I think the phrase “personal relationship with Jesus” (or “a higher power,” as Pastor Rich so fashionably put it) has been especially useful to the practitioners of Plastic Fruit Christianity. Now don’t get me wrong, although the saying appears nowhere in the Bible, there is a deep and important truth to it. Yes we should desire an intimate connection with Our Lord, we should know that He loves us each individually, and we should recognize and give thanks that He died for all of our sins. We should develop a “personal relationship” in that we should be affected and changed personally by Christ. We should come, personally, to believe in Him and follow Him.
Our Lord himself is “personal” in the sense that he is not detached from the world. He is not a Lord who sits off at a distance, nor is He some kind of pantheistic, amorphous blob of energy composed of all of the elements of the universe, like a Kabbalist or Buddhist or Joel Osteen might talk about.
So, yes, Jesus is “personal” and we must come to know Him, love Him, and serve Him personally. But if we’re using “personal” in this context, it’s redundant. Of course we have to love and follow Jesus personally. Of course loving Jesus isn’t a cumulative task where each member of the world contributes a percentage. We must, individually and personally, believe in Christ and obey his commandments. Definitely. This is self-evident.
But this “personal relationship with Jesus” thing is very often applied like Pastor Rich and other trendy Christians apply it: as a means to strip the faith of its moral demands and reduce it down to anemic ambiguity. When many people speak of a Personal Jesus, what they really desire is an Adjustable Jesus. They want to be disciples on their own terms; to calibrate their religion to a more relaxing, luxurious setting; to throw out the difficult, challenging aspects of Belief and put something customized and convenient in its place. When these folks say “my personal relationship with Jesus,” all that really registers is the “my.”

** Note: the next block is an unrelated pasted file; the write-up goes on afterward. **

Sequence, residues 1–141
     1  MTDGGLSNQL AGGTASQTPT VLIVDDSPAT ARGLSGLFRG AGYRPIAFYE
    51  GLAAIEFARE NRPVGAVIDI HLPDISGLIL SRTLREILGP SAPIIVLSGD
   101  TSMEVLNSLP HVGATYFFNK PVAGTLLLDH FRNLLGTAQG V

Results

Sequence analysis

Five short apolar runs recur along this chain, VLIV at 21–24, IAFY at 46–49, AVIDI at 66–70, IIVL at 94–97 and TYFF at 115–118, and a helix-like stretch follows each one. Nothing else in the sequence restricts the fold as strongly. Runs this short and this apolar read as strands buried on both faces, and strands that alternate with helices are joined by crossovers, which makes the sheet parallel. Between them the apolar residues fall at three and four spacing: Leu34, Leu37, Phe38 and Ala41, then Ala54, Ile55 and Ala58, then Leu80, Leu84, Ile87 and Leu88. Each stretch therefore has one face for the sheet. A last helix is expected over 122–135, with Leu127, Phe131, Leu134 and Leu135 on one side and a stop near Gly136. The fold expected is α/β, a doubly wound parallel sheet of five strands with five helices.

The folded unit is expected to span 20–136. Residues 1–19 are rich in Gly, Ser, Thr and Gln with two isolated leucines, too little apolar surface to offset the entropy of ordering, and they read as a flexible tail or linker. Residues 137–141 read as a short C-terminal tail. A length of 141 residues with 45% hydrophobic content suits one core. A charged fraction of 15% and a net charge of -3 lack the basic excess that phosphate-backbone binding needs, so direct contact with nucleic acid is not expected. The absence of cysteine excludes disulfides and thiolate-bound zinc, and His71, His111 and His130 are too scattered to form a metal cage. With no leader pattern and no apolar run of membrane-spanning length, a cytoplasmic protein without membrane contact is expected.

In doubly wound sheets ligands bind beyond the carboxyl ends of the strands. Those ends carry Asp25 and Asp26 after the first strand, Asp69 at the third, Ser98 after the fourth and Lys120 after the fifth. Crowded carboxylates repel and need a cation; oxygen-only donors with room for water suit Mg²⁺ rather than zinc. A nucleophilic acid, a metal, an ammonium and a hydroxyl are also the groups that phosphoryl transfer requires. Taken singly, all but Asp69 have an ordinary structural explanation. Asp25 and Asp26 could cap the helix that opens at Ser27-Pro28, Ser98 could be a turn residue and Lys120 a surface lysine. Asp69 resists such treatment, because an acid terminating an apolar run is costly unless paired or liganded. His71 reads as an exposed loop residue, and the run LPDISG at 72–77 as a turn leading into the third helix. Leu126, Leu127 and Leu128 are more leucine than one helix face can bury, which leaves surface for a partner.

Their “personal relationship with Jesus” is only individualistic, rejecting the imperative communal dimension of faith (Ephesians 4:16). They keep it contained only in their heart, but they ignore the necessity of the church, which is Christ’s body (1 Corinthians 12:27). They render their faith dormant, but it should be a light for the Earth (Acts 13:47). I am not suggesting you should have no “personal relationship with Jesus,” I’m just saying that nearly every Christian who wishes to justify their dormant, hidden, individualistic, private, convenient, customized, contained “faith”; nearly every Christian who wants to find an excuse not to go to church; nearly every Christian who wants to pretend their faith should have no bearing on their lifestyle or their sexual habits; nearly every Christian who wishes to minimize the moral characteristic of their religion, utilizes that catchphrase in doing so.
In any case, the real direct heresy proposed by Wilkerson and myriad others is that the Gospel has no message of “behavior modification,” and that Christianity should be a Faith that appeals to people who “don’t want to be told what they can and can’t do.” This is by far the most popular modern revision of Christian doctrine, and it couldn’t be further removed from the Gospel itself.
It’s true that the Bible is not merely an instruction manual like some kind of spiritual IKEA assembly guide. And it’s true that we can’t just do good things, acquire Salvation Tokens, and cash them in for a ticket to heaven. Clearly, it doesn’t work that way. We cannot earn salvation through our own merits, and whoever says otherwise is repeating a retro heresy called Pelagianism, which was condemned about 1600 years ago.